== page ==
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Technique that links cell’s viscosity change to disease

Physicists have devised a technique that can help measure the viscosity of small volumes of different fluids1. This method could potentially be used to measure the viscosity of blood and even biological cells in which viscosity changes because of diseases.

To measure the viscosity of small volumes, the physicists from the Indian Institute of Science Education and Research (IISER) in Kolkata, India, led by Ayan Banerjee, immersed two polymer particles in water or in a mixture of water and glycerol. The particles, smaller than the diameter of a biological cell, were then trapped using laser light. A distance of about a hundredth of the thickness of a human hair separated the particles.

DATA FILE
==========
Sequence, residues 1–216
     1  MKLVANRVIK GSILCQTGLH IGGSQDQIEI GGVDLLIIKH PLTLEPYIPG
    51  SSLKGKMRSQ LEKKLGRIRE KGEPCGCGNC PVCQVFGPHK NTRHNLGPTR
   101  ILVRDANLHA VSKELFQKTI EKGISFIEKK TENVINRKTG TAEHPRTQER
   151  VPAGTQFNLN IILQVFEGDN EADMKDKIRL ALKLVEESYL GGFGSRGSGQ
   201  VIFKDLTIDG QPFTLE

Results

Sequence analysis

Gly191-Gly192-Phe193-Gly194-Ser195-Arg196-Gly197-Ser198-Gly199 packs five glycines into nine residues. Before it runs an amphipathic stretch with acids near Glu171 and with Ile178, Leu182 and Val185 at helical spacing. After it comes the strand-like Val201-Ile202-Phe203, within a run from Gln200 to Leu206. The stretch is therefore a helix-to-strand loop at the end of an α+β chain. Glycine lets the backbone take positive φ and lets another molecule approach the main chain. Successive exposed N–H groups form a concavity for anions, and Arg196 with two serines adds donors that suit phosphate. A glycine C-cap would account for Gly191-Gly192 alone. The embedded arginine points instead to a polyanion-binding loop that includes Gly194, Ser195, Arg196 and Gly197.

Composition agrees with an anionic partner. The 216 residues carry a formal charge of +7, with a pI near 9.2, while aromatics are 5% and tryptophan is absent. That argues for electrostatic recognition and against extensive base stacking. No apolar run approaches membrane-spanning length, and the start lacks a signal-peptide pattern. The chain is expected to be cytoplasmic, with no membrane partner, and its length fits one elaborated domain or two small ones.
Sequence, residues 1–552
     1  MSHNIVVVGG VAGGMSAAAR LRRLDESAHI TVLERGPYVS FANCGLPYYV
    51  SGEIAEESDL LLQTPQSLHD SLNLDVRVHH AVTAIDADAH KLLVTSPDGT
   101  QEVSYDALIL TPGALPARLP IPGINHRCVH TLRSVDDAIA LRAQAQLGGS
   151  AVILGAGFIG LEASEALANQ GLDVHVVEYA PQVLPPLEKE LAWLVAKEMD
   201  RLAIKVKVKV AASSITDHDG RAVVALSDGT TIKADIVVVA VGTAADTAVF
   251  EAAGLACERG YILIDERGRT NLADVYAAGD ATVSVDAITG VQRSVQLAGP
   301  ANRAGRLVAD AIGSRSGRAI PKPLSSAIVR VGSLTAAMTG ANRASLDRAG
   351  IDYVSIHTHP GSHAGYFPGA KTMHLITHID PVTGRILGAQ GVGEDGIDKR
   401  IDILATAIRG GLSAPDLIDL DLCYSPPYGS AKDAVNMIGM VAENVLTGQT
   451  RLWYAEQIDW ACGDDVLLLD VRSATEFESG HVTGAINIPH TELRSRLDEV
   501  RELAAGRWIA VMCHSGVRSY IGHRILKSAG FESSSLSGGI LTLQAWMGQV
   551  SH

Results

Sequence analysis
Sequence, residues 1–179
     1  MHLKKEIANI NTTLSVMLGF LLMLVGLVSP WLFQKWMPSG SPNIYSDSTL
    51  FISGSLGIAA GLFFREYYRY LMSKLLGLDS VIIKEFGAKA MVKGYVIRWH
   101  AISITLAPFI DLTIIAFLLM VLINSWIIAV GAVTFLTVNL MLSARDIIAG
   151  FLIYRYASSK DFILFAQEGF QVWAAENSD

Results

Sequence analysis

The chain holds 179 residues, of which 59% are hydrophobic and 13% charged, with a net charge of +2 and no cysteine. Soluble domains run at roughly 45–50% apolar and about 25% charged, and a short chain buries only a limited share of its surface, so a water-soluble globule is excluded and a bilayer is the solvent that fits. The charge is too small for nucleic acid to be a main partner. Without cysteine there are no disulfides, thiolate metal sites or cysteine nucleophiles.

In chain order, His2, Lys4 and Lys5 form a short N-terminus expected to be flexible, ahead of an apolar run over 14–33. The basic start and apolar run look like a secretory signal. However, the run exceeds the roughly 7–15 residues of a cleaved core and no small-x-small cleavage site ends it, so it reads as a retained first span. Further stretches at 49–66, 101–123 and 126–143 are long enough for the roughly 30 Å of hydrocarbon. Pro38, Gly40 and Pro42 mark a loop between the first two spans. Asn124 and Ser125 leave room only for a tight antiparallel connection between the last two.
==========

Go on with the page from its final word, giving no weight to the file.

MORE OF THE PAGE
One of the particles, defined as control, was exposed to laser light, which made it to vibrate at different frequencies. The control particle then induced vibration of the other particle known as probe. When the control particle vibrates at a particular frequency, the probe particle’s vibration reaches its maximum value.

Such interactions of the two particles depend on the viscosity of the fluid in which they are suspended and optically trapped. This, in turn, helps measure the viscosity of the fluid.

Since the particles are smaller than a biological cell, it is possible to measure the viscosity of a cell by inserting them inside a cell, says co-researcher Subhajit Paul.

In the future, this technique can help detect cellular viscosity changes caused by blood disorders such as sickle-cell anemia and even viral infections, says lead researcher Banerjee.



  1. Paul, S. et al. Two-point active microrheology in a viscous medium exploiting a motional resonance excited in dual-trap optical tweezers. Phys. Rev. E. 97, 042606 (2018)

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